The commentators asserted that this attainment is entirely optional and not something that is in the range of anybody other than anagamis with all formless attainments, and so they couldn’t have made this attainment less significant & more irrelevant if they tried.

As a result of this, commentators have been bending over backwards inventing the methodology of dry-insight to make up for the inadequacies of these commentary methods.

Admittedly the commentary complete with dry insight, surprisingly enough, it somehow works, but it is very confusing & foreign to the sutta method. And therefore i don’t use it at all.

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You talk here from a personal perspective and you see the citta as something local and personal. A teacher like Maha Boowa says that exactly this is fundamental avijja: To believe that the knowing essence of mind, which he called citta, is local and personal.

What those teachers teach is that one can discover and really see that this is an illusion that also arises. Minds knowing essence is non-local. Why do we experience it as local? That impression arises because the citta attaches to the body and now starts to function via the body and senses. This attachement to rupa as it were forms a lens, a local perspective of something that itself is not-local.

I compared this once with a great field of flexible thin rubber. This is like the knowing essence, citta.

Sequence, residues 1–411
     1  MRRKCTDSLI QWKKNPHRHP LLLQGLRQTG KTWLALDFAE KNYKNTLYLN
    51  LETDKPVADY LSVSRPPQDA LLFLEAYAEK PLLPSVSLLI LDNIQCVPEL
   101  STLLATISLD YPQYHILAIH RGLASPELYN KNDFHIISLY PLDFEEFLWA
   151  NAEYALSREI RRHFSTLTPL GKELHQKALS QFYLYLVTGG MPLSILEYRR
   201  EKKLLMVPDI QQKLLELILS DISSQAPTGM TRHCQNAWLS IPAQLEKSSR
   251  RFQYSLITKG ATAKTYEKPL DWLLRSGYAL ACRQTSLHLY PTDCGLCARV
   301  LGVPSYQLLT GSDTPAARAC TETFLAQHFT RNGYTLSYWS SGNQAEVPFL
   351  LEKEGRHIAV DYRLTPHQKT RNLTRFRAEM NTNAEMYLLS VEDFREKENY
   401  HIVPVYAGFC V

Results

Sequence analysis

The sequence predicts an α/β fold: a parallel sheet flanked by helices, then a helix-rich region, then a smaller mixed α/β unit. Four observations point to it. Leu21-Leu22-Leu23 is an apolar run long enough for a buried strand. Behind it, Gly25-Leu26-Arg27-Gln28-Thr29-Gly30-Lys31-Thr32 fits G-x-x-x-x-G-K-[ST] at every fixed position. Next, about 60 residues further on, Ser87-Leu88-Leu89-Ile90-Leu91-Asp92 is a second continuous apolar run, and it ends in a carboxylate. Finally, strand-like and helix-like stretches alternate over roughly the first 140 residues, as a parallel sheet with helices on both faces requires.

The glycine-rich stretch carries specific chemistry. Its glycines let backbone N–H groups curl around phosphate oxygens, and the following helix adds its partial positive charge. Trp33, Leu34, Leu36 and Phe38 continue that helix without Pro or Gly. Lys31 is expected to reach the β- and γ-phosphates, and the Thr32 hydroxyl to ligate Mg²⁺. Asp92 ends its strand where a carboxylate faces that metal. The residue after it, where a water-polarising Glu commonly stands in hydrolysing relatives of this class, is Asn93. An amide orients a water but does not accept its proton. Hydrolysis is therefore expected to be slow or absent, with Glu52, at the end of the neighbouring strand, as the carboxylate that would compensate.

This citta gets deformed at the place where weights hang under it. Do you see the picture? Those weights symbolise the personal perspective. At those weights there is really a strong sense of personal existence. While the flexible field of rubber is always any moment one.

Anyway, What those teachers teach is that this local perspective can cease and then the citta reveals itself as all penetrating, luminous all around, like a huge and endless intelligent field. It is not personal, not an atta. But it reveals as constant, stable., not-desintegrating, apparantly.

So for one who knows this, he/she also knows there is not really a cessation at last death but also not a personal survival after a last death. There is that ceases, there is that remains, and both are not a personal self. That is freedom.

I cannot confirm this but this is how it is meant. You must not see the citta as vinnana, as something that can cease or as something personal that one owns, nor as something local.

I am not going to defend all this but i am sure your understanding of it not correct, and then making comments are also not to the point. Not meant to offend you. I just feel one must correctly understand what those teachers means and i am sure that does not happen.

I know some believe that Maha Boowa only discovered the jhana of endless vinnana. I am not gonna comment on that. I am not his supported but i only feel that when commenting that must be based upon correct understanding of what he teaches.

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I look forward to seeing how this discussion plays out. However, I have my usual objections from the “why is there something, rather than nothing” camp - which I think, at the very least, illustrate that the cessation attainment can be argued for in both “positive” and “negative” ways.